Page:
Skip to Content, Navigation, or Footer.

Will Meek named CAPS director, effective in March

Meek’s plans include diversifying CAPS staff, increasing access to care for undergraduates

Will Meek, current assistant director of counseling and training at the University of Portland Health and Counseling Center, will join Brown as the new director of counseling and psychological services, effective March 20.

In his role at the University of Portland, Meek was key in decreasing the stigma around seeking help among students with cultural, gender or power-based barriers. This type of work made him a prime candidate for director of CAPS, according to a University press release authored by Director of Health Services Unab Khan and Eric Estes, vice president of campus life and student services.

“We were looking for a candidate who was either a person of color themselves or understood what their privileges were and how they would connect with … students of marginalized identities,” Khan said.

Last semester at the student walkout, students demanded that the University find therapists of color to support students of color. Meek’s track record of hiring diverse staff made him a particularly attractive candidate for the position. During his tenure at Portland, Meek diversified clinical staff, increased student access to care from 8 percent to 24 percent and has published articles in the Journal of LGBT Issues in Counseling, among other principal psychology journals, according to the press release.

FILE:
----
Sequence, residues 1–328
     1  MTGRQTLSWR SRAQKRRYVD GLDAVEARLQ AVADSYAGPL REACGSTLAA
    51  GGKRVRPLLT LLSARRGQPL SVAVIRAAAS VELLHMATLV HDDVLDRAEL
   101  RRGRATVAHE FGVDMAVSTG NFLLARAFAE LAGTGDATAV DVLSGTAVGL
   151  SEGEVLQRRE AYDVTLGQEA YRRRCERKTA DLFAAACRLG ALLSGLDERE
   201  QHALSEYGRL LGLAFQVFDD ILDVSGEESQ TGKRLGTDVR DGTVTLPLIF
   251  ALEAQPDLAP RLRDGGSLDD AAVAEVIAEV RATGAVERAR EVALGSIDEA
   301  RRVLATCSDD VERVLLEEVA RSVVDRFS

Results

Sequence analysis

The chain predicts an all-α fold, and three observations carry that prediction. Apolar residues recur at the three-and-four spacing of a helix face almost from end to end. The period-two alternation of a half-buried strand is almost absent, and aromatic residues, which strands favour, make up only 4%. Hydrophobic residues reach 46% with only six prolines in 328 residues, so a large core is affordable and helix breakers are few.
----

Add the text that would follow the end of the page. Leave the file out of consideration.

One of Meek’s greatest strengths has been his ability to listen to students’ needs and find solutions to their issues, he said. In his new role, his top priority will be reaching out to different communities in the student body to take in their concerns and swiftly address them.

“I want to listen a lot; I want to visit a lot of spaces … I want to hear from students who maybe haven’t felt like they had a chance to have a voice yet,” Meek said. “I want to be as available to students as possible.”

Meek also plans on increasing access to counseling for students. In recent years, students have had to wait two weeks after making an appointment to see a counselor, which many feel is too long. CAPS has now shortened the length of counseling sessions so that more students will be able to see counselors and eliminated the seven-session-per-year cap on appointments, Khan said.

Meek plans to explore ways to further decrease wait time for appointments when he arrives at Brown in March.

Adding to his priorities, Meek will play an instrumental role in completing CAPS’ departmental Diversity and Inclusion Action Plan, which will be released this semester, Estes said.


Powered by SNworks Solutions by The State News
All Content © 2023 The Brown Daily Herald, Inc.